Whenever I ask my friend how he is, he says he’s "swamped." It isn’t just him. A lot of people use the word "swamped." It is no longer sufficient to be fine. You must be swamped, and you must learn to say the word with weary and reluctant pride.
In an era of conspicuous production and suffer-to-earn bravado, it’s become the adjective of the decade.
People are proud to earn and spend money. You earn time off, too, but time spent not earning money is almost like an unconventional sexual desire.
If it’s not actually something to be ashamed of, it’s nothing to be advertised, either. That’s why you hear people boast about how many years it’s been since they last had a holiday or how many extra weeks their companies owe them. By not collecting on the debt — or pretending not to, anyway — they accumulate a kind of moral capital.
I assume people want to convey that they’re working hard. I’m not convinced they really are, and suspect they say they’re swamped because they’re afraid people will think less of them if they aren’t. They describe 12- to 16-hour workdays in corporate sweatshops.
Somehow, though, I can never reach anyone before 10, during lunch or after 4. According to their voice mail, they’re "on the other line or stepped away from (their) desks." According to their assistants and colleagues, they’re "in a meeting."
Every once in a while, I run into people in their so-called meetings. One popular conference room is my gym at about 4:30 on weekday afternoons.
I went to another meeting last week. It took place on the tees and greens of a well-maintained public golf course. The place was packed with people with faces so tight with concentration that you’d have thought they were mowing the fairways instead of playing them.
Earlier that afternoon, my friend had called to see if I could meet him for coffee. I told him I couldn’t.
"Golf," he sighed. "Must be nice."
"Must be nice" is another woe-is-me ’90s lament. Of course, he can play hooky as easily as I can. It just so happens he doesn’t play golf.
Books are one thing people profess to "love" but have had to sacrifice for lack of time. They’re not real good about newspapers, either, though becoming informed is on their to-do lists. But drop a reference to "Mad About You," "ER" or "Friends" and they invariably get it.
Adulthood is a strange reversal of school. As a student, you wanted to project an image of effortlessly doing well. People who worked hard were tagged "grinds." You hid yourself away in library stacks not for quiet, but for secrecy.
Now you have to look busy, even if the urgent message you’re tapping out happens to be an e-mail to your old roommate.
I have exactly two friends who are honest on the topic of their workload. Both are successful. One is a lawyer. In general, lawyers are experts at time management. They’re billing it, after all, and expertly draw it out. They developed Legalese, the peculiar written language of arcane subclauses that can make an intelligent layman weep with frustration, as a sober and worthy means of killing time. The genius lies not just in the time it takes to write the material, but to decipher it.
My lawyer friend works from 9 to 5. And he admits it. He is less skeptical than I am, and believes that some people do work 12- to 16-hour days.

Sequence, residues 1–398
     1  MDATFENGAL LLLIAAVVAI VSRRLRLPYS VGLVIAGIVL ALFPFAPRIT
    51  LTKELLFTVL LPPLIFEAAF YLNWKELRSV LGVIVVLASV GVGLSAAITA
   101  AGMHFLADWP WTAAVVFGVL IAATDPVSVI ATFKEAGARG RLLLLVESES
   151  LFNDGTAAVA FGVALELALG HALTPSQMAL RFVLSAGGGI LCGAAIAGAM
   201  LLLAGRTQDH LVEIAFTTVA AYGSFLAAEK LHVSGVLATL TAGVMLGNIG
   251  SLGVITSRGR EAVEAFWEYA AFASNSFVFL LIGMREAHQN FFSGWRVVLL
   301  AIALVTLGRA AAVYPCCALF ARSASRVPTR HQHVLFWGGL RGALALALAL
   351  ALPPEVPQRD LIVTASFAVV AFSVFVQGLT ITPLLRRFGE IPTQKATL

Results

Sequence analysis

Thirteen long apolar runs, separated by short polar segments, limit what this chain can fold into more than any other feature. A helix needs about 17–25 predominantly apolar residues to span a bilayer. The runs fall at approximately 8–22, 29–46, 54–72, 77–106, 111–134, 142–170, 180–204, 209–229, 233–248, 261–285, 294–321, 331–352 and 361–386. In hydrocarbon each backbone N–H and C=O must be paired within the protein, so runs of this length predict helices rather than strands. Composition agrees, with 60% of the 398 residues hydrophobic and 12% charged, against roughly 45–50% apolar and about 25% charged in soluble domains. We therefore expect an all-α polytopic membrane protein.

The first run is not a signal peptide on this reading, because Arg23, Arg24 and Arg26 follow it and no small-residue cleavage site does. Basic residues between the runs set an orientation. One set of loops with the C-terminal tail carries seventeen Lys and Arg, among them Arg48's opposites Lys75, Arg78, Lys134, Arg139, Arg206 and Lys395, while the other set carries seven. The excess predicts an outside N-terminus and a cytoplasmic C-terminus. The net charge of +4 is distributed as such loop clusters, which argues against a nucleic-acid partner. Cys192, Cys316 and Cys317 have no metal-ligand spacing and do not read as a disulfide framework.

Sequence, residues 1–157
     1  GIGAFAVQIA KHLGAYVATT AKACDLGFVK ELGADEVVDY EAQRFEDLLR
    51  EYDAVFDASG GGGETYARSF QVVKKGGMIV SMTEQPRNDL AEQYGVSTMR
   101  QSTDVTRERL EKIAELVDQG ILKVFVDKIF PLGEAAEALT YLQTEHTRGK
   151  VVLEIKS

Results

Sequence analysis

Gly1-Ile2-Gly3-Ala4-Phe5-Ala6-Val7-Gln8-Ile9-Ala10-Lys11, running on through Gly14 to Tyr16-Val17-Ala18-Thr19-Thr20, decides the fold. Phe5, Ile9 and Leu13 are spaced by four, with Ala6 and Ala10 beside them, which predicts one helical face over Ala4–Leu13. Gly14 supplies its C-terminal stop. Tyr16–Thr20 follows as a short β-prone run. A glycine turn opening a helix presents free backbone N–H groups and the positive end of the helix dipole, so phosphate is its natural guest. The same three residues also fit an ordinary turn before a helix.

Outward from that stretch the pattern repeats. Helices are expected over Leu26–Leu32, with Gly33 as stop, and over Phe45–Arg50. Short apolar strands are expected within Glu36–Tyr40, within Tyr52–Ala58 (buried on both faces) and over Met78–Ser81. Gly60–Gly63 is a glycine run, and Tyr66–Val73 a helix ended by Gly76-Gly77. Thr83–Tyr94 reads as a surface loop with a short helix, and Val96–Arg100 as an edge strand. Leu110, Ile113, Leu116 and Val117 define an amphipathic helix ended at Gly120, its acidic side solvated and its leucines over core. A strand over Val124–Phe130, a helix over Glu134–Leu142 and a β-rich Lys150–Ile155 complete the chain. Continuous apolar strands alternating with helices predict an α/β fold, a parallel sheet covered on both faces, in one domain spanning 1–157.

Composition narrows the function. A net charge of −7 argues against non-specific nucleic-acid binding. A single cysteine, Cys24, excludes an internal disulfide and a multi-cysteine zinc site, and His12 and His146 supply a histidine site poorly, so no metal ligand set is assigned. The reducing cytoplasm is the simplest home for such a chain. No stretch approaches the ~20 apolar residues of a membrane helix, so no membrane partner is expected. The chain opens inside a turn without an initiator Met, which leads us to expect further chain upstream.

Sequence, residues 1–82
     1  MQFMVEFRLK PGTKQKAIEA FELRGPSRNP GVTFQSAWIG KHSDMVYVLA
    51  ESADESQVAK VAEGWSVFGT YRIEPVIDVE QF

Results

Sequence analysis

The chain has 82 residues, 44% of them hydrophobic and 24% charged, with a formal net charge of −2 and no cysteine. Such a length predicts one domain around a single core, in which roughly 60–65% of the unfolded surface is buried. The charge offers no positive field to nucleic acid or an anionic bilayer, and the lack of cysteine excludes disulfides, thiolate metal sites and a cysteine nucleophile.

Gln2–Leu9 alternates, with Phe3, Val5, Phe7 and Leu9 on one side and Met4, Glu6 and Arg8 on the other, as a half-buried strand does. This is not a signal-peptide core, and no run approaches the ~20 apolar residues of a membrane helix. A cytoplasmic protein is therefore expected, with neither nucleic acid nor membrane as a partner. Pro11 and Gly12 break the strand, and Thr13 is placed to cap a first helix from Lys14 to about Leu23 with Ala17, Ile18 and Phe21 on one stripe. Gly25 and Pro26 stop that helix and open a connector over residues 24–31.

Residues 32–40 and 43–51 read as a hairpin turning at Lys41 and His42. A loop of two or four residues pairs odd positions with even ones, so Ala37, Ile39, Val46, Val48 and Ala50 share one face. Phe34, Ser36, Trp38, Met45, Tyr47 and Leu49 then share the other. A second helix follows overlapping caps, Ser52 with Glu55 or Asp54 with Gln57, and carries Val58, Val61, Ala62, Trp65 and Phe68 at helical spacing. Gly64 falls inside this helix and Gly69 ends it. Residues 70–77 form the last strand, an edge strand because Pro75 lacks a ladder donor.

"They’re having fun," he says. "They flirt, they knock around on the Internet. They’re inefficient."
My other friend, a writer, says he has "three good hours a day." I thought it over and concluded that I have about eight bad ones. That, of course, includes e-mail, schmoozing (i.e. "client relations"), lunch and snacks, my baseball league, electronic Solitaire and three cups of coffee over two sports pages.
I regard it as imperative to know what’s going on in the world. I sit in my office between nine and 11 hours each day. It’s not because I work hard. It’s because I’m lazy. Give me two hours to get something done and I’ll do it in two hours. Give me two weeks for the identical task, and I’ll give it to you in two weeks. I’m good about meeting deadlines. My friends admire my discipline.
I do not think people are lying when they say they’re swamped. For some, it’s just how they speak. Others genuinely feel overwhelmed and burdened, even if half the things snuffing out their fun aren’t work-related or even necessary. Last week I heard one bedraggled soul lament her load; it turned out she was trying to get things in order for a week with the baby sitter and two children out on Cape Cod.
Personally, I feel swamped every time I look at bills, taxes and laundry, or when I consider some dreaded social obligation.
"Can’t do it," I tell my wife. "Too much to do." It’s a proud excuse. It’s less a lack of time than a deficit of enthusiasm, but the feeling is identical.
Guilt and fear are rooted in the "swamped" myth. The rule of American meritocracy is that if you work hard, you’ll do well. So if you’re doing well and not working constantly, perhaps you’re not entitled. The fear is that it might not last, and that it might invite less-than-great luck if you display anything less than extravagant doggedness.
The flip side of the work issue is sleep. It’s like an obsolete ritual from an island culture: charming but vaguely distasteful. I tell people I drink red wine with lunch and nap from 1 to 3 every day just to see their expressions of horror.
It’s not actually true. I’d like to say I’m too busy, but if I were truly swamped I’d go out like a light. Stress depletes me.
Still, a siesta is a goal, and I regret my failure to manage it so far. I’m working on it.